Increasing Majority Back Second Referendum If UK Faces Leaving EU Without a Deal, Finds Poll
Pollsters also found that voters are in the dark when it comes to main parties’ positions on Brexit

An increasing majority of people would back a second European Union referendum if Britain faced crashing out of the bloc without a deal, a new poll claims.

It comes after the national debate over a second referendum came under the spotlight last week when Nigel Farage, the former Ukip leader, signalled he would support the idea.

While both Theresa May and Jeremy Corbyn have repeatedly dismissed such calls, the new research for BMG found that 57 per cent of those who expressed a view would back a fresh public vote if the UK was set to leave the bloc and resort to World Trade Organisation (WTO) terms, with 43 per cent opposed.

Overall, 42 per cent of people backed a second referendum in a “no deal” scenario, 32 per cent opposed a second vote and 26 per cent said they did not know.

The poll, for the progressive Left Foot Forward website, found that 74 per cent of Labour supporters who expressed an opinion backed a second vote if the UK faced WTO terms and tariffs.

The overall 57 per cent figure is a marginal increase on last month, when 54 per cent backed a second vote if Theresa May fails to strike a deal with Brussels.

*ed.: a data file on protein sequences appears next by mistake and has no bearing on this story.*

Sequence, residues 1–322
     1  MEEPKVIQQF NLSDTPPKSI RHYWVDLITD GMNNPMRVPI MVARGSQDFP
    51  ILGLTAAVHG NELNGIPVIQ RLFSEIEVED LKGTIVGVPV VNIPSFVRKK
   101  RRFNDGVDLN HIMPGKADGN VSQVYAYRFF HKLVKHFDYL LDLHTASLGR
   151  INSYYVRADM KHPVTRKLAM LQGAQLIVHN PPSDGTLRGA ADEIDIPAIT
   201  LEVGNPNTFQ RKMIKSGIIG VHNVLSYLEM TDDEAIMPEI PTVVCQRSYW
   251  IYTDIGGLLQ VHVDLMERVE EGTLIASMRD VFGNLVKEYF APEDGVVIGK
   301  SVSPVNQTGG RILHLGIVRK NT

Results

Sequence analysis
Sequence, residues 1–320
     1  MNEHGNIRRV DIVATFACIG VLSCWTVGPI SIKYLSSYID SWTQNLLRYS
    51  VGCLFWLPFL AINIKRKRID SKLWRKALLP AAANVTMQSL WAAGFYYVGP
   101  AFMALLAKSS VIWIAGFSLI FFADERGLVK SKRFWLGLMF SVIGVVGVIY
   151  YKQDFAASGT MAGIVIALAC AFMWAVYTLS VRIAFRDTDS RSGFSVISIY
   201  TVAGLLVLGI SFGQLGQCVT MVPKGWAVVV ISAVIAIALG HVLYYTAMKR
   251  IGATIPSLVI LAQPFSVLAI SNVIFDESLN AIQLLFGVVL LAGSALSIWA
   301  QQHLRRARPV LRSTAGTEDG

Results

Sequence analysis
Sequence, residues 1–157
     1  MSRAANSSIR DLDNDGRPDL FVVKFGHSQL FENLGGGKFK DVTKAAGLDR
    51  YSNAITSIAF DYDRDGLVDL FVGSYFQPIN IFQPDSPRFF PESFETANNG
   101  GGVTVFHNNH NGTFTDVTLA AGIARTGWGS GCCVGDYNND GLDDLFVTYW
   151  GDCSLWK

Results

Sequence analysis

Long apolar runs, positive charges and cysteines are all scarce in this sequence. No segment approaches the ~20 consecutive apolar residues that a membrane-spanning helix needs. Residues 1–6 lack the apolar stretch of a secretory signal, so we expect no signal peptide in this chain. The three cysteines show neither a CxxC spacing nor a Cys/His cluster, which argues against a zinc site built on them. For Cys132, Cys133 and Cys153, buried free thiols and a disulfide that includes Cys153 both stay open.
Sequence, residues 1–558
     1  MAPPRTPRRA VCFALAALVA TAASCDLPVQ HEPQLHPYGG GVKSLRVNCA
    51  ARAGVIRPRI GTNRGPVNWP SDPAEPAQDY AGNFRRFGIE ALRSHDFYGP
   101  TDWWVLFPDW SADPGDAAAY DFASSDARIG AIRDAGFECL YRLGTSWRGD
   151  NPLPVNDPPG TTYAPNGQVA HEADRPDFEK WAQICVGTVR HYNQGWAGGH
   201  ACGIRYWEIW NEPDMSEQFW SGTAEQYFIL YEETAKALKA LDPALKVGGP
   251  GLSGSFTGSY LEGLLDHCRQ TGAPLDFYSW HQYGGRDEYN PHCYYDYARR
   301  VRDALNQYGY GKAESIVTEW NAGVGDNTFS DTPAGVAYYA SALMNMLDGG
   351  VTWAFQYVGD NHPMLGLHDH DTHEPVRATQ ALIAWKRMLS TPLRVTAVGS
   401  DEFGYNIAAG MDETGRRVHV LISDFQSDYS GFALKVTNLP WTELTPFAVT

Pollsters also found that voters are in the dark when it comes to main parties’ positions on EU withdrawal, with just 28 per cent of Labour voters thinking the party’s Brexit stance is clear. In contrast, 37 per said said the party’s stance is somewhat or very unclear.

The results will also make uncomfortable reading for the Conservatives and Liberal Democrats, with just 28 per cent of voters for the former and 26 per cent for the latter knowing the Brexit stance of Ms May and Vince Cable’s parties.

Josiah Mortimer, the editor of Left Foot Forward, who commissioned the survey, said that while Labour has been under fire in recent weeks for a lack of clarity on Brexit “it seems the other parties are faring little better, with a majority of those with a view believing the Tories’ and Lib Dems’ stance on the issue.

“This poll suggests parties need to get their messages straight when it comes to our departure from the EU. Leaders are understandably fudging the issue in the face of negotiations – but sooner or later Labour and the Conservatives will need to be open with the public.”

He added: “Voters are going to get restless at some point. It’s anyone’s guess where that frustration might go.”

HT Independent

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